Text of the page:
Features Published 9 February 2011

Devoted & Disgruntled: conferring in Open Spaces

The 6th annual event saw theatre's organisational avant-garde in friendly, pragmatic and inspirational form.
Aliki Chapple

The first hint of Devoted and Disgruntled are the posters on the street corners surrounding York Hall.  Drawn in different colours of marker pen, bearing different styles of handwriting and slightly differing words, they are unanimous in their message: Come to D & D, it’s this way. A great deal has been done to make the event open to all who want to attend; from the wording of the invitation, the low entry fee (£20  full price for 2 and a half days) to the banner outside inviting anyone who loves theatre to come on in.

The large meeting hall is already teeming with people when I arrive at ten past ten on Saturday. Most are clustered by the door, where a row of clothes rails silently invites you to hang up your coat. Here also are sofas and cushions forming a small, informal seating area and, crucially, an arrangement of tables from which you can get free tea, coffee, water and biscuits – other treats can be bought, including, later in the day, a selection of hot meals.

The left-hand wall has been divided into sections, each representing one of the four sessions that will take place each day. At the moment, they’re blank, no meetings have yet been announced. This is no ordinary conference, it is run by Open Space technology, a technique for facilitating self-organizing gatherings.  Anyone who wants to can call a meeting by simply announcing the topic and their own name, and designating a time and place.  They then put a piece of paper with this information in the appropriate place on the wall. Whoever is interested in that topic can then turn up to say whatever they wish, or just listen. At the end of the session, the person who called it is expected to sum up the discussion in a report. For this purpose, a row of computers have been set up along the right –hand wall. There is only one iron-clad rule, known as the Law of Two Feet (or the Law of Mobility); if you find yourself in a meeting which you’re not contributing to, or from which you’re not learning, go somewhere else.  To facilitate this, Open Space events are held in large spaces, each group meeting, not in a separate room, but in a designated area of floor, around which people group chairs. For Devoted and Disgruntled 6, these areas are marked with the names of various influential performing artists, teachers and thinkers; Boal, Graham, Craig, Barker, etc.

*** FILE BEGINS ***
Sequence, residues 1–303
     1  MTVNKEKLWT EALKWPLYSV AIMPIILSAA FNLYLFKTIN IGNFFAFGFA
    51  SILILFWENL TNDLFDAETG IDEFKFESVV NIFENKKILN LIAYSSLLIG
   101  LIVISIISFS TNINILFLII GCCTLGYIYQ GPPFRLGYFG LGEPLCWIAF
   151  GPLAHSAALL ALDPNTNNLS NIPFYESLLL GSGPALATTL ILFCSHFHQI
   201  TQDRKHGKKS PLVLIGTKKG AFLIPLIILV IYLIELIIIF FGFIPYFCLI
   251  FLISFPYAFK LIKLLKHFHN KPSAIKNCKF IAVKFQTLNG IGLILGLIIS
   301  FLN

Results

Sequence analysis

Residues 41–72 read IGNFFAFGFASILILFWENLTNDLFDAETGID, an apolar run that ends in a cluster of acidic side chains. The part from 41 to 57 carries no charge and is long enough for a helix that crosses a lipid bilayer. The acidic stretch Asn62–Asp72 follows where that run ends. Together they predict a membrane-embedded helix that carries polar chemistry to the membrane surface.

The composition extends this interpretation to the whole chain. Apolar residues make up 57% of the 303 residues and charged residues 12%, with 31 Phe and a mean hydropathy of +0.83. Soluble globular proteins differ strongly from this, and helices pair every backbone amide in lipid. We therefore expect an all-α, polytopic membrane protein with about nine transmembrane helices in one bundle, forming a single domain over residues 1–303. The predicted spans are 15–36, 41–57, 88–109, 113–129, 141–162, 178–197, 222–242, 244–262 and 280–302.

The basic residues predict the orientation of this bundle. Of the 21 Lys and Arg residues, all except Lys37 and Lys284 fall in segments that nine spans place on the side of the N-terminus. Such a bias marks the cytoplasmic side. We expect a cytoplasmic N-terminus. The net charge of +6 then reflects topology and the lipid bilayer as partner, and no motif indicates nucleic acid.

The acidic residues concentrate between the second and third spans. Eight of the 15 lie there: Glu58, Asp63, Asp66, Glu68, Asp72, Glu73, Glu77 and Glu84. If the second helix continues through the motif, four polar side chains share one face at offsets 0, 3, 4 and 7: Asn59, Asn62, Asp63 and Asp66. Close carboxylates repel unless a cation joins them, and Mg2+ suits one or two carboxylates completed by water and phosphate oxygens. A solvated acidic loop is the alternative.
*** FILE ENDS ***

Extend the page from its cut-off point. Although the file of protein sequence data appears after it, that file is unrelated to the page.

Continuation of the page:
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Aliki Chapple

Aliki would do almost anything in order to get to spend time acting. Recently, this has included writing and directing. She is more of a materialist than a formalist, and fell into thinking theoretically about performance. Now addicted, she is opinionated and analytical without being notably well-read. She lives in Lancaster.